1 CHECK_RTIME(1ONBLD)           illumos Build Tools          CHECK_RTIME(1ONBLD)
   3 NAME
   4      check_rtime - check ELF runtime attributes
   7      check_rtime [-imosv] [-D depfile | -d -depdir] [-E errfile] [-e exfile]
   8                  [-f listfile] [-I infofile] [-w outdir] file | dir ...
  11      check_rtime attempts to check a number of ELF runtime attributes for
  12      consistency with common build rules.  These checks involve running ldd(1)
  13      and elfdump(1) against a family of dynamic objects.  A dynamic object can
  14      be defined explicitly as a file or multiple dynamic objects can be
  15      located under the directory dir.
  17      check_rtime is typically called from nightly(1ONBLD) when the -r option
  18      is in effect.  In this case the dynamic objects under the associated
  19      proto area ($ROOT) are checked.  check_rtime can also be run standalone
  20      against any set of dynamic objects.
  22      check_rtime uses ldd(1) to verify dependencies.  This implies that by
  23      default any object inspected will bind to its dependencies as they are
  24      found in the underlying system.  Use of the -D, -d option, or the
  25      existence of the environment variables $CODEMGR_WS or $ROOT instruct
  26      check_rtime to establish an alternative dependency mapping using runtime
  27      configuration files generated with crle(1).
  29      check_rtime uses ldd(1) to completely relocate any dynamic object and
  30      thus detect missing dependencies, unsatisfied symbol relocations, unused
  31      and unreferenced dependencies.  These checks are carried out for the
  32      following reasons:
  34      o   An object that cannot find its dependencies may fail to load at
  35          runtime.  This error condition often goes unnoticed because the
  36          existing use of the object is as a dependency itself, and the
  37          objects' dependencies are already satisfied by the caller.  However,
  38          if the object itself is unable to satisfy its dependencies, its use
  39          in new environments may be compromised.
  41          A missing or erroneous runpath is the typical reason why an object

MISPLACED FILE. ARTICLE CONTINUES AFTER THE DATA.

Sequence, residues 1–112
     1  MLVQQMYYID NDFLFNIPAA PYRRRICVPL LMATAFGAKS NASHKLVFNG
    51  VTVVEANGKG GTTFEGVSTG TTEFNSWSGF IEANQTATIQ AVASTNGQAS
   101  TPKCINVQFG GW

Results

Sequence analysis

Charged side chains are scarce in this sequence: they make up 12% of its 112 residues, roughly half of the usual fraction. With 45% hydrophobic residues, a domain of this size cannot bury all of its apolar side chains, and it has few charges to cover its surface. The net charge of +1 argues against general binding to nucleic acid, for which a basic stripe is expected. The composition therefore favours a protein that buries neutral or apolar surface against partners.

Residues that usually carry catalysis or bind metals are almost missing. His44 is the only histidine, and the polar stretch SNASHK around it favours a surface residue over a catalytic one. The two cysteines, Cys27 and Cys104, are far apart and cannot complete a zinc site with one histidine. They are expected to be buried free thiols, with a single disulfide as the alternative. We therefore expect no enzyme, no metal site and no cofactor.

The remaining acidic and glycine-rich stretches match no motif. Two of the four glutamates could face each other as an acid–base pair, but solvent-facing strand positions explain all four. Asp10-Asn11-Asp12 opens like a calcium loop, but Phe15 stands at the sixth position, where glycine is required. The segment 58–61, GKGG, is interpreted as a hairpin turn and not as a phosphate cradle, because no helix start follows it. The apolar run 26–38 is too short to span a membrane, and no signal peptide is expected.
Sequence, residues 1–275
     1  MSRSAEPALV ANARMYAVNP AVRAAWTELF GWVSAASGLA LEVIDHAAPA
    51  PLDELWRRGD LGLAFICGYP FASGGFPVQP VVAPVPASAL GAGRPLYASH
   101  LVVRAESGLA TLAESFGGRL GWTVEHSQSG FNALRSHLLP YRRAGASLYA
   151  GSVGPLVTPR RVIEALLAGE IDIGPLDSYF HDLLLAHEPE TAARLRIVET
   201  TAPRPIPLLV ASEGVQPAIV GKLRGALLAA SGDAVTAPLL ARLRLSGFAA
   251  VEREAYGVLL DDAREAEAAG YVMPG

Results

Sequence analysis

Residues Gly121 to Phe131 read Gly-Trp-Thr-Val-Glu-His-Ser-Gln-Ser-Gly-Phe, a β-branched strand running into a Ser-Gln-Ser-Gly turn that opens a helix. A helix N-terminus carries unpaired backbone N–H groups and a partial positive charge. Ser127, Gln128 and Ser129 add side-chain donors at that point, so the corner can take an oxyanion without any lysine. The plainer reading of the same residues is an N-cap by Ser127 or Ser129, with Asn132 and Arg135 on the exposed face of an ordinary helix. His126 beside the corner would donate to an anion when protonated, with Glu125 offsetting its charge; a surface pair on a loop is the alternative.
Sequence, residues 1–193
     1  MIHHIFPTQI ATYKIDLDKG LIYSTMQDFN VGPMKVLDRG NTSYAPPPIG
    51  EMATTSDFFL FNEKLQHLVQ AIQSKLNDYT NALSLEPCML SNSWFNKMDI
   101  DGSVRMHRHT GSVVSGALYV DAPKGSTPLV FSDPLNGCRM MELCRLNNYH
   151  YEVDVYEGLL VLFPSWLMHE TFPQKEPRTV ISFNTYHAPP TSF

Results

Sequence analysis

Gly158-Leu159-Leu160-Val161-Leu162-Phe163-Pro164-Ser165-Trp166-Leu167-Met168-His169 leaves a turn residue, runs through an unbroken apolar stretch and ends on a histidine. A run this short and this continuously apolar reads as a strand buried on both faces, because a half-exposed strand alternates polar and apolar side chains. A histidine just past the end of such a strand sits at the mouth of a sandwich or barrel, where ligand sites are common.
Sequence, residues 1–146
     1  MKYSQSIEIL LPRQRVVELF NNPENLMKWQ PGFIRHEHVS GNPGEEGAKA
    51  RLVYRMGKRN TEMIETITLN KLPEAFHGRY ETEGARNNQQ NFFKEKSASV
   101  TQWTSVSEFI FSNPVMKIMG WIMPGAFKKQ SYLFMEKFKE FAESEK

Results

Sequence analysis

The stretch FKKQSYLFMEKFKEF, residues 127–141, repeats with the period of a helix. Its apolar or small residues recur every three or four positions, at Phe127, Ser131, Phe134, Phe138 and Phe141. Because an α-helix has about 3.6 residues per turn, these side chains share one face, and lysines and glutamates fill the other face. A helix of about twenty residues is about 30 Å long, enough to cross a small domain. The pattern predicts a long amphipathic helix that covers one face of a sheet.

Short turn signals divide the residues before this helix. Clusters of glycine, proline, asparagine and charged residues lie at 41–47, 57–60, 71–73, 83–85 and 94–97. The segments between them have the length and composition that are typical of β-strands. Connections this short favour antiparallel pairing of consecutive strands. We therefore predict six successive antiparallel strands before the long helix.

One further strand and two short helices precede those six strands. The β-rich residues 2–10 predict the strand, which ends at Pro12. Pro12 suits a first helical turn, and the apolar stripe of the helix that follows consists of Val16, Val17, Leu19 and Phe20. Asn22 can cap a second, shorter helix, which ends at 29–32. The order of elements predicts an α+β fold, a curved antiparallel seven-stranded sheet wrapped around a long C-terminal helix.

42          can not locate its dependencies.  Use of the link-editors -zdefs
  43          option when building a shared object ensures required dependencies
  44          are established.  This flag is inherited from $(DYNFLAGS) in
  45          lib/Makefile.lib.  Missing dependencies are displayed as:
  47                foo: bar.so.1 =>      (file not found) <no -zdefs?>
  49      o   Unsatisfied symbol relocations indicate that some thread of execution
  50          through the object will fail when it is unable to locate a referenced
  51          symbol.
  53          A missing, or mismatched version of a dependency is the typical
  54          reason for unsatisfied symbol relocations (see missing dependency
  55          discussion above). Unsatisfied symbol relocations are displayed as:
  57                foo: symbol not found: bar <no -zdefs?>
  59          Note: Shared objects can make reference to symbol definitions that
  60          are expected to be defined by the caller.  To indicate that such
  61          symbols are not undefined in the usual sense, you must specify these
  62          symbols in a mapfile, using the EXTERN or PARENT symbol attributes.
  63          Without these symbol attributes, ldd(1) is unable to determine the
  64          symbols special nature, and check_rtime will report these symbols as
  65          undefined.
  67      o   Unused dependencies are wasteful at runtime, as they take time to
  68          load and relocate, but will not be used by the calling object.  They
  69          also result in unnecessary processing at link-edit time.